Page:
In the grudge match between Harper Collins and Gawker, it seems that the mystical power of Mama Grizzly #1 has won out (though it's not omnipotent). The blog raised the ire of former Alaska governor and vice presidential candidate Sarah Palin when it published scanned pages from her new book (claiming it was fair use), then removed them by court order, and, now, has agreed to not re-post them. The book publisher said in a statement, "HarperCollins is gratified that it was able to resolve the dispute in this way. HarperCollins does welcome public commentary on its books so long as any book content is utilized in a manner that is consistent with the law."
The publisher also pointedly included in its press release:
On Saturday afternoon, Judge Thomas Griesa of the US District Court in Manhattan entered a temporary restraining order against Gawker. In an opinion issued yesterday, Judge Grisea stated that “the purpose of the copyright law is to prevent the kind of copying that has taken place here.” Judge Grisea’s opinion also said that Gawker “published what amounts to a substantial portion of the book” but “essentially engaged in no commentary or discussion”, and that it had “not used the copyrighted material to help create something new but has merely copied the material in order to attract viewers.” Immediately after the hearing, Gawker removed the offending pages from its web site as the Judge ordered.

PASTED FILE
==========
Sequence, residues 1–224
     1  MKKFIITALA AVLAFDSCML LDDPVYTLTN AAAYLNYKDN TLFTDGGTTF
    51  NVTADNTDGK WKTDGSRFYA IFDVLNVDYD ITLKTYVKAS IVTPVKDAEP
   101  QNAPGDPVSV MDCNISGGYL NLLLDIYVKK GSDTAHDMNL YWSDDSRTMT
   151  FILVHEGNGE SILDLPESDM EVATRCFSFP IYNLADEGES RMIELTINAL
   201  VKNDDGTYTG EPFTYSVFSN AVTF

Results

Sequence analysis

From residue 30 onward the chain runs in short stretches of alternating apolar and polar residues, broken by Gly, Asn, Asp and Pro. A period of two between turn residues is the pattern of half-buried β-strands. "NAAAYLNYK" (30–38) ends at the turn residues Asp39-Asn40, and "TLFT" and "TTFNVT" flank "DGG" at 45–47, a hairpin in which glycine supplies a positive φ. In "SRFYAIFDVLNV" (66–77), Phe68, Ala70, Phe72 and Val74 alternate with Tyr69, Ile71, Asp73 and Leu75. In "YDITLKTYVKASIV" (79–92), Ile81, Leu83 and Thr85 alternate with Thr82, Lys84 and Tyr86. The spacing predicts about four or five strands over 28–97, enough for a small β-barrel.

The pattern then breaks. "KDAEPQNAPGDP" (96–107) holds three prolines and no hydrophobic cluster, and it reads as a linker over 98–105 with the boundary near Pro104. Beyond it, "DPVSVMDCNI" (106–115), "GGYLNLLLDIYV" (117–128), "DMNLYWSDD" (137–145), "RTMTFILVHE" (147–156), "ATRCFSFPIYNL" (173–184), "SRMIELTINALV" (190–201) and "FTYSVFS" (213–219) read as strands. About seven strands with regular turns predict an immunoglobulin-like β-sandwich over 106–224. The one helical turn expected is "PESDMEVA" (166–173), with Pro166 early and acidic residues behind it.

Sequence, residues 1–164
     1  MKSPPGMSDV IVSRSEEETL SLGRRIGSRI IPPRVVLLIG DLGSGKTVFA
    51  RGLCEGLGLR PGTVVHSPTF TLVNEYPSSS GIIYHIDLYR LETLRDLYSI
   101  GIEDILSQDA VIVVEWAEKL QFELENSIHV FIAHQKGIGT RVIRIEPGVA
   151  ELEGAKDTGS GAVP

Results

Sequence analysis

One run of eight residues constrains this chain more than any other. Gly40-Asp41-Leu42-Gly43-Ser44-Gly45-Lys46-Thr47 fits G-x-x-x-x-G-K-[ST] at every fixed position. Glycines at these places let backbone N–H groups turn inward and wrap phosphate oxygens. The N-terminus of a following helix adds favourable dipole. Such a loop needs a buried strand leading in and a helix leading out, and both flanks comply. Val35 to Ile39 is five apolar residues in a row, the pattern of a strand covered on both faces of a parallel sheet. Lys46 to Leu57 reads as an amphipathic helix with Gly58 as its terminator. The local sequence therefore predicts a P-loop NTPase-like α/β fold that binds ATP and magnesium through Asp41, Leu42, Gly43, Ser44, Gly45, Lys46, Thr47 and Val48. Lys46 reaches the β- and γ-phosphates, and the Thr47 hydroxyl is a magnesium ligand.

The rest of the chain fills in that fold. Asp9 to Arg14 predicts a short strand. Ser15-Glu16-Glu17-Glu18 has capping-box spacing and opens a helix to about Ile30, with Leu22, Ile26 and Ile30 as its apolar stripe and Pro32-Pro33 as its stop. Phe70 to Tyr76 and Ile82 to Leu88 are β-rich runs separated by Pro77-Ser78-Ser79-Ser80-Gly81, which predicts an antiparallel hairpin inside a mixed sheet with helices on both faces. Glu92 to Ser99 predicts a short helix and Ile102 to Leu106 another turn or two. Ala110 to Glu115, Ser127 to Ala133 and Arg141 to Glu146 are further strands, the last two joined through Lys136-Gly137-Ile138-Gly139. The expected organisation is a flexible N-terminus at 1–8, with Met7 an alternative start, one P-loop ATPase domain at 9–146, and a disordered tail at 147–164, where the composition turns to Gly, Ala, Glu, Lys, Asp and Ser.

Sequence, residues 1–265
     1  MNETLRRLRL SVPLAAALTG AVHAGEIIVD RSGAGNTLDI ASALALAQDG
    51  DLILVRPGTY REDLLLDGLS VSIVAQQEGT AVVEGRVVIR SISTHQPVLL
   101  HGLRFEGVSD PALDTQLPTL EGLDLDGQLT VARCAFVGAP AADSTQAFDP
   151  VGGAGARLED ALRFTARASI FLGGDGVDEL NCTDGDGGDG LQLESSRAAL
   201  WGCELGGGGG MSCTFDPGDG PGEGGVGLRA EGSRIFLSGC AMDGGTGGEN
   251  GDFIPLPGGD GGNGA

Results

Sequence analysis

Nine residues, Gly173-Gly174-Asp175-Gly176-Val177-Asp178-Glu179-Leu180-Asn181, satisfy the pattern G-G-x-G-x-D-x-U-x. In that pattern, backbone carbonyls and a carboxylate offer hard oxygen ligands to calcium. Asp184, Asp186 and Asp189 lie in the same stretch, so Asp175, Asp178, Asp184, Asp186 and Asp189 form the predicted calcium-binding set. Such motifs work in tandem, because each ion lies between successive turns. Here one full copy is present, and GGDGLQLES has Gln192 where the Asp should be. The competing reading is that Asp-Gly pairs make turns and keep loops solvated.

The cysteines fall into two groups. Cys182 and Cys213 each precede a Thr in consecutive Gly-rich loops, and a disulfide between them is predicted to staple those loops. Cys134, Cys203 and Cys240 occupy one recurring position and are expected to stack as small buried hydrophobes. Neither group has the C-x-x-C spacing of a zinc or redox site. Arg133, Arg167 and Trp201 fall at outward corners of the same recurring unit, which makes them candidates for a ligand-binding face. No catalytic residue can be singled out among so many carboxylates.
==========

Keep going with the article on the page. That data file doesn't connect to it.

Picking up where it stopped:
Some legal bloggers questioned whether Gawker's use was indeed "fair use" and also said that Gawker opened itself to discovery in litigation. Gawker editor-in-chief Remy Stern told Media Decoder, "HarperCollins’ decision to file suit against us and seek a temporary restraining order generated a good deal of press for Ms. Palin’s book in advance of its publication. Now that the book is out and destined to appear on the bestseller list, we’re pleased that HarperCollins proposed settling this case as is, thus avoiding lengthy litigation for both sides."